Early detection not only improves the prognosis of the primary cancer, but – perhaps more critically – it prevents the spread to other vital organs like the brain.

“Undetectably, the tumour can spread upwards into the skull and/or nearby tissues and nerves since it is located at the back of the nose. By then, the disease is usually extensive,” says Dr Rekha Balachandran, ENT Surgeon at Hospital Raja Permaisuri Bainun.

“That’s why we hope primary care doctors will refer patients to us as early as possible when they see the signs. Unfortunately, early detection isn’t always possible. In some countries, physicians may only encounter the disease once in their entire lifetime,” says Dr Rekha.

Alif Lam’s (39) story is a classic case. While working in Oman, he detected blood in his saliva and consulted the local physician, who referred him to a specialist. When an X-ray of his lung and chest showed nothing, the specialist put him on a course of antibiotics.

That was the end of the matter. It was only upon his return to Malaysia and the presence of blood in his saliva again prompted him to go for further investigation, which uncovered a one-year-old 4mm tumour.

Within weeks of radiotherapy, the side effects hit him. “I had no saliva,” he recalled. “My ulcers made eating impossible. I also experienced awful headache at night which lasted several hours.”

Dr Rekha explained that the proximity of the radiated area to the skull base may result in headaches, whose severity varies from person to person.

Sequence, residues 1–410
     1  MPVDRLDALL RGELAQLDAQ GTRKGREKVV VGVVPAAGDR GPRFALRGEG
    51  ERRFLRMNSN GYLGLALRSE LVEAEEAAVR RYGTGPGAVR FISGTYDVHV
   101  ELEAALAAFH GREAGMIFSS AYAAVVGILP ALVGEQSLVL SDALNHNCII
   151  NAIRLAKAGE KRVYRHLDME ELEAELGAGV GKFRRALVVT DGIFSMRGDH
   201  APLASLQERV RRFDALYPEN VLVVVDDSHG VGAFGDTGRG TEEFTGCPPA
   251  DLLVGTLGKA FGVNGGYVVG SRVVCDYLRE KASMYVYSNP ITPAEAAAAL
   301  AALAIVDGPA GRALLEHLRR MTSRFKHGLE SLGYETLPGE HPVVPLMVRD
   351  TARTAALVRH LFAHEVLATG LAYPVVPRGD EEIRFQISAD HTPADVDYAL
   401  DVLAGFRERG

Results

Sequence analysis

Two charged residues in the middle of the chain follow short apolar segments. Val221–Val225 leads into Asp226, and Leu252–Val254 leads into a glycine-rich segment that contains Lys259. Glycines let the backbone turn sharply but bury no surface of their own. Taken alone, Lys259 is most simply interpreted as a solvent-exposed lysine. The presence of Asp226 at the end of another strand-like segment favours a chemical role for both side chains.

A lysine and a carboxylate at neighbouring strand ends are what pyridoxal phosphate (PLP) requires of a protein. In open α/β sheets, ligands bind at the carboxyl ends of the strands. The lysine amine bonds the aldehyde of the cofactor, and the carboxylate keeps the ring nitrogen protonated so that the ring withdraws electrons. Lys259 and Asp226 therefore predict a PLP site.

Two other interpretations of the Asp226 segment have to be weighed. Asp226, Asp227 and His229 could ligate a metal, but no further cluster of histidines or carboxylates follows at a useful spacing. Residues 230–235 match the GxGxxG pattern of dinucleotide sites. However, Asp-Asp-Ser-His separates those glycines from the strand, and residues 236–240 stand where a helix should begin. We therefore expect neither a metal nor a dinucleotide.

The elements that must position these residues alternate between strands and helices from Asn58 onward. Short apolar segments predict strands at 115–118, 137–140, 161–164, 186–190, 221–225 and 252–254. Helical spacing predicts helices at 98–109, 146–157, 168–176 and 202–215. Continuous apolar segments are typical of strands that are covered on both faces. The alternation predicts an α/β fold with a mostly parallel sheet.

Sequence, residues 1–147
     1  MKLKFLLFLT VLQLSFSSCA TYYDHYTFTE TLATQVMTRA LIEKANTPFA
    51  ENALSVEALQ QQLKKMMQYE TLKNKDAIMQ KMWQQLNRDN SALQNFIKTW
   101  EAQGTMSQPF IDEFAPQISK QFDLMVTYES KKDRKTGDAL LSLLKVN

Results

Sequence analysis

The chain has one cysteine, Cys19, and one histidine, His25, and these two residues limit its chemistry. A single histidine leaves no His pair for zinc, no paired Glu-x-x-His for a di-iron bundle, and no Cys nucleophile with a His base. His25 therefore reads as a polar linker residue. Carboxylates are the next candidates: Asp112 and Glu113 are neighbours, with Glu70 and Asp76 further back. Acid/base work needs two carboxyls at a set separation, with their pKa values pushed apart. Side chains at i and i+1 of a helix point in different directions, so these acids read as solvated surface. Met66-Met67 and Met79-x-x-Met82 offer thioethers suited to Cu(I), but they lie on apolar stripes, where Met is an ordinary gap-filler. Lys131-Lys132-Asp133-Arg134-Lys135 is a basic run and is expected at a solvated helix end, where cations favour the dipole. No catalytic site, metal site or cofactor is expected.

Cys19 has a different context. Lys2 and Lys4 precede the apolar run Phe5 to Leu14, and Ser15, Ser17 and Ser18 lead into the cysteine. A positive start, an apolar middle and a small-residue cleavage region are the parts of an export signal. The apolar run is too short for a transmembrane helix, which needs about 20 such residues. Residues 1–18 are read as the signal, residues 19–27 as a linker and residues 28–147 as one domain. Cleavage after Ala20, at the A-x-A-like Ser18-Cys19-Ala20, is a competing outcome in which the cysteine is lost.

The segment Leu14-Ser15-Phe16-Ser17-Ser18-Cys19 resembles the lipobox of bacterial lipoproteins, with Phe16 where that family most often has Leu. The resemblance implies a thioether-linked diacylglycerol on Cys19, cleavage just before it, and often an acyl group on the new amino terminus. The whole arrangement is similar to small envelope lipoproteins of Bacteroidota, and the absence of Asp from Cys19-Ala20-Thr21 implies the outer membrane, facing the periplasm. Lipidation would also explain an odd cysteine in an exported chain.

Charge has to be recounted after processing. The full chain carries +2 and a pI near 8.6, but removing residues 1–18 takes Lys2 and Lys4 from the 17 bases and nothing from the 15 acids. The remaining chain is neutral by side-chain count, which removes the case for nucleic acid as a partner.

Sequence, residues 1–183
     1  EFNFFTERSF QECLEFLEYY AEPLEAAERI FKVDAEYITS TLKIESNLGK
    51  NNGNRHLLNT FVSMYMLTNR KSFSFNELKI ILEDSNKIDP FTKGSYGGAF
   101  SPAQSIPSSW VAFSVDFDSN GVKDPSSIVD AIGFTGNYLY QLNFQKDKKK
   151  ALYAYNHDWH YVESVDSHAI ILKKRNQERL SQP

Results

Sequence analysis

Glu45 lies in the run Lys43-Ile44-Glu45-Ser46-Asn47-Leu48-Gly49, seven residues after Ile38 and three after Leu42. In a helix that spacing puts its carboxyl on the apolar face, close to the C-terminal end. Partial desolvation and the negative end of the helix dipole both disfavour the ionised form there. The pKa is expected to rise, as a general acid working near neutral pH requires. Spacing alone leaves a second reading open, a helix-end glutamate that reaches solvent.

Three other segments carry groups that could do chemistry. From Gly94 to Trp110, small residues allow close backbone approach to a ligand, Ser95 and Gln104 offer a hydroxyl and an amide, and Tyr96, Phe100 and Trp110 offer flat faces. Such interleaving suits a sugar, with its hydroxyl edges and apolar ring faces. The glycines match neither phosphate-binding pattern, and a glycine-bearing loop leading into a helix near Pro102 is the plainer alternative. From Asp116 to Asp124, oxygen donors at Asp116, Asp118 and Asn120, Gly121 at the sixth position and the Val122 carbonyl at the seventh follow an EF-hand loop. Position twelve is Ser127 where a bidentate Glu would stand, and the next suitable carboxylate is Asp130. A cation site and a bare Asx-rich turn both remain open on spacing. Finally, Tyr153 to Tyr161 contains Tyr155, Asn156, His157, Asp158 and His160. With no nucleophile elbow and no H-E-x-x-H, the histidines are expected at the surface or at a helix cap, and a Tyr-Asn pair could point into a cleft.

Other common side effects of radiotherapy are lifelong mouth dryness and osteoradiomitosis, loosely defined as trauma or injury caused by  exposure to radiation. “After a patient is diagnosed with nose cancer, we send him to the dentist to make sure there are no outstanding cavities or loose teeth. In the first few years following radiotherapy, it may not heal well. There is no blanket list,” she says.

Despite living with these inconveniences, both Wong and Alif are upbeat about their second chance at life. Alif says, “If you don’t go for treatment, everyday you wake up with the question, “Will I die today?” You don’t have to live with the uncertainties.”

An optimistic outlook, coupled with a supportive family, helped Wong rebound quickly. After post-radiotherapy CT Scan confirmed her cancer was in remission, her doctor gave her three months off. But by the second month, she was already restless, so she cancelled the last month of leave!

“Acceptance is the first step to coping,” she says. “Nothing they say or do will change the fact that I have contracted nose cancer. A positive, honest outlook helps you handle the situation in a practical manner.”

Next month: Find out whether you are at risk and what are the symptoms to look for!

Learn more about Nasal Cancer at, which was set up by Hospital Raja Permaisuri Bainun Hospital to elevate public awareness on NPC and reach out to the younger generation and doctors who do not specialise in ENT.